The Social Media Standard for Project Management
By Gil Junqueira | minute read
With the rise of social media in projects and organisations, there is a renewed need for some kind of guidance. This guide should be clear, concise and free of ambiguity. It should further the interests of the project while protecting the parent company's intellectual property and corporate goals. However, social media interaction should only be limited in the areas where it is absolutely necessary, and no more than that.
Projects can and should benefit from the opportunities for interaction provided by social media. The free dynamic exchange of ideas serves the project's interests and should be embraced by project managers. However, this rising technology has also the potential for misuse. Knowing how to maximise returns while reducing risks is a challenge. Below are ten simple rules to guide the discussion:
1. The Social Media Environment Should Consist of Project Stakeholders and No-One Else
While this may seem like common-sense (and it is), the interactions provided and facilitated by social-media should be limited to Project Stakeholders, which means that project participants should have designated social-media accounts for this purpose.
2. Use of Social Media in Projects Should Be Governed by Policies Set Forth by the Project Manager
While a project only exists as part of a parent company's overall environment, it has unique characteristics that are better addressed by policies set forth to work specifically in this context. A project must be able to roll out a unique product or service, and it must do so by efficient use of scarce resources. The project manager, therefore, must be willing to incorporate more aggressive and risky tactics, which are not always suitable for the ongoing operations of the parent company. The parent company's conservatism, on the other hand, might slow and negatively affect the project's dynamic environment.
3. Social Media Should Be Assessed by the Project Manager as Part of the Planning Process
Social media requirements should be part of the Project Communications Planning Process. Assessing the communications requirements for a given project is the responsibility of the project manager. Project managers, as part of the Communications Planning Process, should analyse current project requirements and decide which social media strategy to pursue.
4. Social Media Usage May Not Need to Be Limited to Only One Type, but It May Be Limited Nonetheless
Social media comes in many flavours and types. Knowing which ones serve the project's interest is the responsibility of the project manager. If the project manager deems a particular outlet as inappropriate to the project's interests and goals, he or she may restrict or deny access to that media altogether.
5. Social Media Implementation Should Be Monitored as Part of the Monitoring and Controlling Process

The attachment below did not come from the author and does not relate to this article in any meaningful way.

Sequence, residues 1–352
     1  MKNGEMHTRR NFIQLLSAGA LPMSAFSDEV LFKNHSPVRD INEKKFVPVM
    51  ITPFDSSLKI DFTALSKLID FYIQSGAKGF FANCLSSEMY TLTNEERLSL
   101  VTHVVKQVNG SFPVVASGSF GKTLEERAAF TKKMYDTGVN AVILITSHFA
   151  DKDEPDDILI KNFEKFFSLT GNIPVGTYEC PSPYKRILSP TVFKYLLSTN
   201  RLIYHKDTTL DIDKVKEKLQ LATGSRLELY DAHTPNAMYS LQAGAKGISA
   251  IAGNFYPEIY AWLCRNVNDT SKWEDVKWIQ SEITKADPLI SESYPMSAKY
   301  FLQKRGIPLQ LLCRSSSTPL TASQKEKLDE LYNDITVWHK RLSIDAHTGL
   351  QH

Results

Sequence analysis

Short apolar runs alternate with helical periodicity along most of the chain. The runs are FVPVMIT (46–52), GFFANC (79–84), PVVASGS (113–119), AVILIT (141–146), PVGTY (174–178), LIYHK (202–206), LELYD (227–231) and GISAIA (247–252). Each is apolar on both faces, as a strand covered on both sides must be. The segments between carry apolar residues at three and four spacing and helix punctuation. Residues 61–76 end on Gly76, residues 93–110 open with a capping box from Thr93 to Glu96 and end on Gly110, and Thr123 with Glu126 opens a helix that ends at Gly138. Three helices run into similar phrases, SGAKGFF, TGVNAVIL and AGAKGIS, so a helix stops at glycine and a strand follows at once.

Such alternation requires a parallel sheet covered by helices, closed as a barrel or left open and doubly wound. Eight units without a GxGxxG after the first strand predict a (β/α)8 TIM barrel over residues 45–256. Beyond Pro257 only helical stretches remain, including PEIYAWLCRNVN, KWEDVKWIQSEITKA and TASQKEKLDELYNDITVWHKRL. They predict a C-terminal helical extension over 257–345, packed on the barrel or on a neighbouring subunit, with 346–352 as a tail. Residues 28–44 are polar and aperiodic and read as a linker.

The cost of using social media in projects is the increased risk of distractions, illegal intellectual property transfer and others. The cost opportunity of defaulting to conservatism and not using social media might be decreased collaboration, lost synergy, ineffective processes, less innovative thinking and others. Knowing how to find a balance between these two seemingly contradictory strategies is a challenge. Monitoring and tailoring the strategy along the way to fit project objectives is something the project team should be prepared to do.
6. The Benefits of Using Social Media Should Outweigh the Risks
Determining whether to use social media in the project or not is a business decision and is unique to every project. Risks take many forms and could manifest themselves in the company's political arena or concerns about loss of intellectual property.
7. Starting Small and Building Up Is Better Than Starting Big and Crashing
Sometimes incremental changes are better than big ones. This is one of those circumstances. It gives time for others to adapt and digest the idea. It buys time for feedback loops to catch up and adjust the system. The project manager does not need to deploy five different social media outlets, all in the same time frame. Starting with a Wiki and building up from there might be more realistic.
8. Social Media First Priority Should Be to Build a Community
As a first priority, social media efforts should not be geared towards building environments such as bug tracking, brainstorming or troubleshooting. It should have one goal in mind and one goal only; to build a community for the project's stakeholders. After that sense of community is present and the social media used, it then can branch off to include more refined goals.
9. Social Media Efforts Need a Champion
Social media use in projects can be a change for most organisations. Social media itself can also be an agent of change. Therefore its use might be deliberately slowed or outright opposed by others. Having a champion that will lure people in, shifting the discussion from traditional methods to this new environment might be the difference that separates success from mediocrity.
10. Social Media Amplifies the Good, as Well as the Bad
Social media's capacity to bring people together from all over the globe can result in synergy, highly efficient and innovative teams, with qualities that are more than the sum of the individual parts. However, its capacity to bring desirable traits and thinking to the foreground is the same for the undesirable as well. Therefore, a "Social Media Maturity" for teams or organisations should be taken in consideration before widespread use in projects.